The Best Bistros In Paris

Massive chocolate mousses, chalkboard menus, french fry perfection, and more.
Bone marrow dish with side of mozzarella salad on red checkered tablecloth at Chez Marius

photo credit: Wenkang Shan

Ask a tourist to ID a bistro in Paris, and they’ll probably point to somewhere with a zinc bar, tiled floor, chalkboard menu, and a chain-smoking waiter guarding the entrance. Ask a Parisian, and they’ll push you in the opposite direction. Forget the myth of every corner bistro serving a life-changing French onion soup. Most of those old-school spots are tourist traps, and they often have menus full of store-bought, industrial beef bourguignon and steak tartare.

But great bistros do exist—you just need to know where to look. For each spot turning out soulless escargots, there are time warps making outstanding steak frites, and neo-bistros plating za'atar-dusted sweetbreads and vegetarian-friendly croques on ceramic plates. Whether you’re looking for a classic or a more modern spin, this guide is the path to the crème de la crème.


photo credit: Ilya Kagan


3rd Arr.

$$$$Perfect For:Date NightSpecial OccasionsDrinking Good Wine
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You’d assume that this bistro near Place des Vosges, with tile floors, lace curtains, and an old-timey cash register, has been around since Charles de Gaulle was president, but it opened in late 2022. The menu delivers on the retro kitsch thanks to the usual bistro suspects that remind us why the saucier is the top dog of any French kitchen brigade. Beef tenderloin swims in creamy au poivre sauce, and daube de boeuf, the Provençal answer to beef stew, is olive-studded gravy perfection. If you can't resist a cheese pull, their signature softball-sized cordon bleu oozes a lava flow of melted comté when you pierce it with your knife. (Watch out for hot cheese oil geysers!) This is a pocket-sized spot with limited seating, so head here with close friends, especially ones who like low-intervention Beaujolais and hate shared small plates.

The smoky scent of roasted beef draws you into L’Ami Jean’s packed dining room, where locals and tourists raise their voices to be heard over the chef’s booming baritone. It’s the best kind of sensory overload and a preview of the food’s intense flavors. Wild game is the way to go: Seasonal grouse is roasted with thyme, oregano-marinated duck breast is perfectly char-grilled, and the wild boar stew arrives in a generous vat that’ll convince you that small portions are a Parisian myth. (Plan on a post-meal nap on the Champ de Mars.) While it isn’t physically possible to save room for their incredible riz au lait, you should order it anyway. The rice pudding, subtly flavored with vanilla, is total comfort food as is, but becomes a top contender for the most memorable dessert in Paris once you add the salted butter caramel sauce and housemade nougatine.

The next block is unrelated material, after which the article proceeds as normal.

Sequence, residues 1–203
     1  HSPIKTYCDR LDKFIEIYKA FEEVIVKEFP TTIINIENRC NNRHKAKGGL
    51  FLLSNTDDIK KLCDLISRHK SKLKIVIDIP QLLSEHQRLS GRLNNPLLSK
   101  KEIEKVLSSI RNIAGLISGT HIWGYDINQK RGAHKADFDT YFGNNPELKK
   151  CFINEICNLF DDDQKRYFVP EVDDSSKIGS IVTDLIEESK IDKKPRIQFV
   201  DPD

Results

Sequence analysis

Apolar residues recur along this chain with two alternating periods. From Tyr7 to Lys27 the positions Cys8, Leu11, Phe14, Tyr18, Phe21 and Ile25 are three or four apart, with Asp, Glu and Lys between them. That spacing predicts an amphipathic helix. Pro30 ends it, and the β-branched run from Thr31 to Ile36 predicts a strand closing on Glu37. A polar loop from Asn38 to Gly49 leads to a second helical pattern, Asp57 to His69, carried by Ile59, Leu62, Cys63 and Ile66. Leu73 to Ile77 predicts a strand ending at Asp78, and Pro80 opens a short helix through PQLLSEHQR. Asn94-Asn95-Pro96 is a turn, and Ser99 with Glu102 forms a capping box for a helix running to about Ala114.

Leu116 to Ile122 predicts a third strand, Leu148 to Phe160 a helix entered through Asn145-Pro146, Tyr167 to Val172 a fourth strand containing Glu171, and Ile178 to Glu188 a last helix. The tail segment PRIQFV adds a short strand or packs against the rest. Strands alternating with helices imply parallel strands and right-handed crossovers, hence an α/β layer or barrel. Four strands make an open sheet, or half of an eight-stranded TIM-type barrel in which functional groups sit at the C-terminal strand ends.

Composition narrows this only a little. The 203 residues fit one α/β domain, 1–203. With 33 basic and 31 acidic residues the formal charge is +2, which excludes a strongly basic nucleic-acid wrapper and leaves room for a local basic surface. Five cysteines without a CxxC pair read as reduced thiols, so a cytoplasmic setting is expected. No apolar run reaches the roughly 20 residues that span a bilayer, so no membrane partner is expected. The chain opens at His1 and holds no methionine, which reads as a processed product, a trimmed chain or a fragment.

Mounted boar heads and a seething taxidermied fox stare you down as you sip a natty glass—it was chosen by the waiter who’s a walking line list and just set down a marrow bone heaped with steak tartare. Are you at a wine bar? An osteria? A bistro? A fever dream? Chez Marius keeps you guessing, and that’s part of the fun. Tables almost buckle beneath the organized chaos of the meat-heavy Italian- and Asian-influenced small plates shared by groups of mostly locals. (Rehearse your “Je prendrai comme eux,” or “I’ll have what they're having,” in advance.) The housemade pasta is always excellent like the tagliolini coated in broccoli rabe sauce and generously dusted with ricotta salata, and the veal’s brain served in a pho-inspired broth heaped with fresh herbs is a must. The menu changes daily, so get ready to become a regular.

If you’re looking for service with that stereotypical blend of efficiency, practiced scorn, and flirtiness, reserve a table at Chez Georges—and make sure it’s the one on rue du Mail in the 2nd arrondissement or risk a disappointing visit to one of many spots with the same name. This Chez Georges is a time warp that begins with a handwritten menu in a looping French penmanship that hasn’t been taught since the ’60s. Share a massive bowl of salade lyonnaise with thumb-sized chunks of lardon, and save space for one of the very meaty mains, like a hearty veal liver slab served next to a mound of shoestring frites you dreamed every sidewalk café made. The wine list worships Burgundy but is ultimately overpriced, so do as the locals do and choose from the more reasonable selection crammed into the margins of the food menu.

Astier is a refreshing change-up steeped in old-school charm in an area overrun with small plates and minimalist Scandi-chic décor. Sit at a banquette, spread your gingham napkin on your lap, and soak in the service spectacle you’d usually find in places charging twice these prices. Many dishes arrive in glinting copper pots and plated tableside, like the spheres of fried mashed potato ”dauphine” that come with the steak au poivre. This spot hits its stride when it gets playful: a stewed lamb shoulder seasoned more like a tagine with lemon, spices, and olives, or French country lapin à la moutarde taken off the bone, rolled into a more refined roasted rabbit roulade, and smothered in mustard cream. Since their once-unlimited cheese basket is no longer on the menu (it’s now just five cheeses on a plate), you’ll have room to end date night with one of the city’s best babas au rhum.